What’s Worse, an Injury with Surgery or without Surgery?
It depends. Undergoing surgery does not make an injury more serious or worth more at a trial of an accident case.
Some injuries require immediate surgery while some injuries can be treated without surgery but the lack of surgery is not an indicator of long-term consequences.
Injuries Requiring Surgery Will Likely Get Worse
An example of an injury requiring immediate surgery is a displaced broken femur (thigh bone). A displaced fracture is where the bone is broken without maintaining proper alignment so that the pieces can move and should be fixated.
We represented a client whose femur was fractured (broken in two pieces). He had immediate surgery with excellent results and he was able to go back to work in six months as a motorcycle police officer.
At the Suffolk County Supreme Court trial, the insurance company offered only $100,000 to settle, which we declined. The insurance company argued at trial that the surgery was successful and he was “repaired” so that he could return to work without restrictions. The insurance company paid the jury verdict of $425,000.
While our client is able to work without restrictions in a physically demanding occupation, he will experience serious symptoms in the future. The impact on his femur transmitted the energy to both ends of the femur, the knee, and hip causing stress to those areas. The stressed areas will develop traumatic arthritis and pain years in the future.
At a Nassau County Supreme Court trial where GEICO offered $20,000 to settle where our client had a knee injury consisting of a torn meniscus with arthroscopic surgery, the jury understood that the injury will develop arthritis later in life. The jury gave a verdict of $465,000.
But what about similar injuries without surgery such as a non-displaced fracture; torn rotator cuff; or meniscus tear? These injuries may be treated with or without surgery.
Injuries without Surgery Will Also Likely Get Worse
Injuries such as a non-displaced fracture; rotator cuff tear; or a torn meniscus which are treated with therapy instead of surgery, have similar outcomes to the examples above with surgery.
An example, close to home for me, is my stepmother who was injured in a car accident 30 years ago. She was hit on the driver’s side by a truck that ran a red light. She injured her left shoulder and knee but did not get surgery.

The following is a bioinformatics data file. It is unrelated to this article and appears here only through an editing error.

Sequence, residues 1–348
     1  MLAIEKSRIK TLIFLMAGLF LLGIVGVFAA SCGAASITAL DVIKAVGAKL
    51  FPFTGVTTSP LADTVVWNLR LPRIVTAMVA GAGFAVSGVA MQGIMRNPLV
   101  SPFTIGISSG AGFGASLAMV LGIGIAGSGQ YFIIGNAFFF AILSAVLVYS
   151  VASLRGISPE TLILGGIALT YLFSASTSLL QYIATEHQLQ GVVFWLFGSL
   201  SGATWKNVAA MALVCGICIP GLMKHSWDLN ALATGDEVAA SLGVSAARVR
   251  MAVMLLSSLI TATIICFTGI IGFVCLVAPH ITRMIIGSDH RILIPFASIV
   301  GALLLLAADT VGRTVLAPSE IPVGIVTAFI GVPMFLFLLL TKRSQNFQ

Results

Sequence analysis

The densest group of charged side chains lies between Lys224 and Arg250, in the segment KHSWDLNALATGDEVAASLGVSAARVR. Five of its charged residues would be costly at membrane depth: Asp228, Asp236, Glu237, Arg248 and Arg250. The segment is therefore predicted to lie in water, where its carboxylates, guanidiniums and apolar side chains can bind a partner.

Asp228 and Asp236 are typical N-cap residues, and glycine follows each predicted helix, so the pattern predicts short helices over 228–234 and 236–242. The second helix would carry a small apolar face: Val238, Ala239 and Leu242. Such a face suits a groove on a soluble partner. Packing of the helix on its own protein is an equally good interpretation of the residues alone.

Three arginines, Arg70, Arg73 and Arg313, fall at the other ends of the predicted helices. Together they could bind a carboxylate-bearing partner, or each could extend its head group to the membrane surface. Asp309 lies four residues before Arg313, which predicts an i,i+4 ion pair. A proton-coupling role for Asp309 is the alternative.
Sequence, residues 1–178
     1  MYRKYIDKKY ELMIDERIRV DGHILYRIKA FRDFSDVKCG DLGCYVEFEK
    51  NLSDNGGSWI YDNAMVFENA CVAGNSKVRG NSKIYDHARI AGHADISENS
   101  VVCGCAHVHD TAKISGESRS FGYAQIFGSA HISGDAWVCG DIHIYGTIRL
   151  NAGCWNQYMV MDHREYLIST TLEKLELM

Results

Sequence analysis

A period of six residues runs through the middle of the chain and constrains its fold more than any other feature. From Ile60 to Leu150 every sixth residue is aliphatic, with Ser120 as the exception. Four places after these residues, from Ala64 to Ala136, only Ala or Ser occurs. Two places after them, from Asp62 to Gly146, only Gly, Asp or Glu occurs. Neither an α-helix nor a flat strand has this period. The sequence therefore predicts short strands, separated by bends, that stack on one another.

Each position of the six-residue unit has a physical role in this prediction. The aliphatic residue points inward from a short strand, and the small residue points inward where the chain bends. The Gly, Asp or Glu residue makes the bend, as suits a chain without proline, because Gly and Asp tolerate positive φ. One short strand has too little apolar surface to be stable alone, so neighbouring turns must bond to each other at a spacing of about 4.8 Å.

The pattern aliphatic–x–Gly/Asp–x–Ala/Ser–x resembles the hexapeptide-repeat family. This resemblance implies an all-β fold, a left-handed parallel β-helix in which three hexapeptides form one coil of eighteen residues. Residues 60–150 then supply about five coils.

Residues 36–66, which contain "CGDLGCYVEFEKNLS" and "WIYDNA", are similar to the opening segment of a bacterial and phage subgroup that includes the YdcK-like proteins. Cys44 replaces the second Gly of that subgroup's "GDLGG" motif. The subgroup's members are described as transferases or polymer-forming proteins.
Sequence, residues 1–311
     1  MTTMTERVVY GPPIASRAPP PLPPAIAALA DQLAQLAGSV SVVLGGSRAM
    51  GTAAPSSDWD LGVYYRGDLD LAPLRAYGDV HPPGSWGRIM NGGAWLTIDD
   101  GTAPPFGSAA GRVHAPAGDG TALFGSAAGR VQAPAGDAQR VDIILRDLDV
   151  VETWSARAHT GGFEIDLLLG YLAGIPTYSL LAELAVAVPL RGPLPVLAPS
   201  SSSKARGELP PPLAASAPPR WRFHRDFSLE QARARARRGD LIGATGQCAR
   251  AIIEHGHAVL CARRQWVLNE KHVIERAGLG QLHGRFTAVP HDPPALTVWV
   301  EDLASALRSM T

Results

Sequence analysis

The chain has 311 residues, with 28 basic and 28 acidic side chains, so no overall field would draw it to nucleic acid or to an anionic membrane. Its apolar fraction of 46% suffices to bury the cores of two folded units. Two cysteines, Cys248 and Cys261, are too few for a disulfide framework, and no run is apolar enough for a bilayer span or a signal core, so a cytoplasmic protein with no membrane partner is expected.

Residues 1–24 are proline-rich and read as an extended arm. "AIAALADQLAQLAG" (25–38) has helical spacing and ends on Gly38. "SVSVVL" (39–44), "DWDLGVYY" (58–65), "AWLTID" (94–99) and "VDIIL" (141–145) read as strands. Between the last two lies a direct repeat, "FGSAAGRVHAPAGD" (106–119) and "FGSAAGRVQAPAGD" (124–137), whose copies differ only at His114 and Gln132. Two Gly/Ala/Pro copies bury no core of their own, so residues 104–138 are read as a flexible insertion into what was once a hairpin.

Over the years, she began experiencing pain and today is extremely disabled. She now needs a quad cane to walk and is unable to use her left arm to lift anything. I purchased a lift chair because she is unable to get out of a chair.
Would the current symptoms of her injuries be lessened if she had surgery after the accident? Maybe, maybe not.
If she would have been better off today if she had surgery, then this is an example of a case that is more serious and worth more money without surgery than it would have been with surgery.
Depending upon the age and how active the patient was prior to the accident, surgery may be recommended to some patients but not to others.
The article, DO ALL ACL TEARS NEED SURGERY? by Ty E. Richardson, M.D., shows how an ACL tear (anterior cruciate ligament) of the knee may be recommended for a professional athlete but not to a “30 year-old office worker who runs a couple of days a week and plays a little golf on the weekends and tore his ACL at a church softball game.”
The article shows how ACL patients who can be treated without surgery can do very well with physical therapy and return to activity with excellent neuromuscular control, quadriceps strength and ankle stability. They are even able to remain active in sports.
However, Dr. Richardson reports that the long-term effects of an ACL tear without surgery shows “there is a pattern of ongoing damage to other supporting structures in the knee as well as the long-term development of arthritis”
A delay in getting surgery shows patients develop tears in one or both of the meniscus with an increased risk of developing arthritis over time.
Dr. Richardson reports that the rate at which arthritis develops appears to be slowed down by surgical reconstruction but not eliminated.
10 years after surgery, arthritis will develop in approximately 50% of patients without surgery, and 20% of patients with surgery. Dr. Richardson states, 20 years after the surgery, “the numbers are about the same, regardless of treatment.”
Thus, it appears that surgery can result in an improved condition in the early years after an accident but 20 years after the accident, the patient’s condition is the same regardless of getting surgery or not.
Insurance companies and even you may think that a non-displaced fracture will heal in a few weeks and isn’t a serious injury. But is that really true?
A non-displaced fracture, which is a broken bone that is still properly aligned, may be allowed to heal without surgery but the trauma which caused the fracture may cause arthritis and tendon or ligament tears.
The energy transmitted to the bone at the point of impact is dissipated throughout both ends of the bone to joints, ligaments, and tendons causing damage that appears later.
According to Fractures of the greater tuberosity of the humerus: a study of associated rotator cuff injury and atrophy (NIH), a non-displaced fracture of the greater tuberosity can result in residual displacement, full rotator cuff tear, and muscle atrophy.
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